National City announced it was issuing $7B in equity, a nice kick in the groin to risk-arb buyers who were anticipating an immanent take-over bid (stock fell 25% today). Keycorp, Fifth Third, Bank of Novia Scotia, KKR, and Warburg Pincus all found Nat City too expensive to buy at the current price, 75% below last year's level. Thus, instead of paying existing shareholders a premium on the thought that the current stock price is too cheap, new investors are demanding existing shareholders get diluted in order to get an equity stake. You couldn't find one financial institution to see value here, and so it seems that unlike 1990, bank prices are not 'too low'--other banks in the know see this and turn away. Thus the indicator is a two-fer: banks issuing equity indicates their stock prices are 'too high', and potential buyers (all banks) think current prices are 'too high'. Citibank, RBS[today!], and Wachovia, also issued equity recently. The fact that so many banks are issuing equity, and not being taken over, suggests that our current swoon is seen by insiders as justified.
One of the big factors explaining the cross-sectional returns to equity is capital issuance. For instance, it is well known that if you buy an IPO, you better have bought it as an insider at the IPO price. If so, you make about 12% on the first day on average. After that, from the close of the first day, it will actually lag the market a considerable amount (Jay Ritter has an excellent set of data on this at his website here). Interestingly, this pattern shows up also in seasoned equity issuance: issuers tend to signal an overbought equity price. I have a bunch of references to this literature here. Basically, public companies tend to issue equity when their perceive, correctly, that the price is too high, and buy it back when it's too low.
As the Barron's commercial used to say, every transaction involves a buyer who thinks the price is too low, and a seller who thinks it's too high. A simplification, to be sure, but probably an accurate approximation. So if you are buying from the ultimate insider, ya think there might be a good reason to expect the insider to get the better of the deal?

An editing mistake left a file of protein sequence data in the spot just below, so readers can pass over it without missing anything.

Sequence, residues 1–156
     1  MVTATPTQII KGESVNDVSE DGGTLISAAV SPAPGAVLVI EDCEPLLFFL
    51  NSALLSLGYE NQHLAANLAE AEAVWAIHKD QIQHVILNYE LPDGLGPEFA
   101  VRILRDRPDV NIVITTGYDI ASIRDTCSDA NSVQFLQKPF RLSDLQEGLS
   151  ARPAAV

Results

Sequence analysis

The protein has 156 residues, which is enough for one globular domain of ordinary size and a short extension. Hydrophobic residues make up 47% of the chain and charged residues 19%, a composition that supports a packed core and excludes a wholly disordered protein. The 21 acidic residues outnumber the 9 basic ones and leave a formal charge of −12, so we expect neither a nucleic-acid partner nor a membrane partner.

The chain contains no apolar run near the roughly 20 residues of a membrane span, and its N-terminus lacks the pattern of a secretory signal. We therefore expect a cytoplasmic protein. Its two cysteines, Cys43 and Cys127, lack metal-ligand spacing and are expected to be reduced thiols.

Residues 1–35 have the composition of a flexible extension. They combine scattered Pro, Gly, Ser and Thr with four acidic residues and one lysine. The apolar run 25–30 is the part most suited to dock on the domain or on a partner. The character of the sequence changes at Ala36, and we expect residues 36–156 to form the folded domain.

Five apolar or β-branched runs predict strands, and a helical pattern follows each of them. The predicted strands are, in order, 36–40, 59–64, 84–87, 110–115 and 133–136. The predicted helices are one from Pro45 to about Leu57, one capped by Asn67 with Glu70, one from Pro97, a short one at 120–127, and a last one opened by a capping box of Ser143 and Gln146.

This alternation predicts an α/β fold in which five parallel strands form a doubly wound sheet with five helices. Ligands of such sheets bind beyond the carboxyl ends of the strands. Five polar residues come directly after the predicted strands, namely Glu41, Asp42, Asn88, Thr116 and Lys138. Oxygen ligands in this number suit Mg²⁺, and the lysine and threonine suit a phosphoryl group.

Indeed, capital issuance is one of the ideas that my ex-employer thinks is so valuable he demanded I not use in any way, and 'return' in some unspecified form (hopefully the judge won't grant them full biopsy rights, but there's no precedent or statute on this, so I'm crossing my fingers). Therefore, the recent announcements by major banks issuing equity is one big countersignal to my otherwise bullish view on the stock market, because if the banks are relative underperformers, given I am a big fan of the credit-transmission process for business cycles (eg, Bernkanke and Gertler).
If bank portfolio values were merely a liquidity problem, that is, portfolios being marked below 'true value' because of selling for reasons unrelated to new information, one would think strong banks would be buying distressed banks on the cheap, the way JPMorgan picked up Bear Stearns (which probably was mainly a run, as opposed to a more fundamental insolvency). It appears that banks don't think this is mainly a liquidity issue, but more fundamental.